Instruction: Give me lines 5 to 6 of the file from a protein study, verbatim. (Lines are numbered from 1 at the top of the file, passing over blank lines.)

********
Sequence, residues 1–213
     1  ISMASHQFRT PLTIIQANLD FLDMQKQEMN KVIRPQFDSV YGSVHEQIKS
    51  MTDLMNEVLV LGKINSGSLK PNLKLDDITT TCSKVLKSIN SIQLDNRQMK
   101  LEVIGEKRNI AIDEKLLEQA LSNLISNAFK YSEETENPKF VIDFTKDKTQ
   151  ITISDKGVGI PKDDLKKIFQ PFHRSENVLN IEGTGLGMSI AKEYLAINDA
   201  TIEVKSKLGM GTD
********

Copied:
   151  ITISDKGVGI PKDDLKKIFQ PFHRSENVLN IEGTGLGMSI AKEYLAINDA
   201  TIEVKSKLGM GTD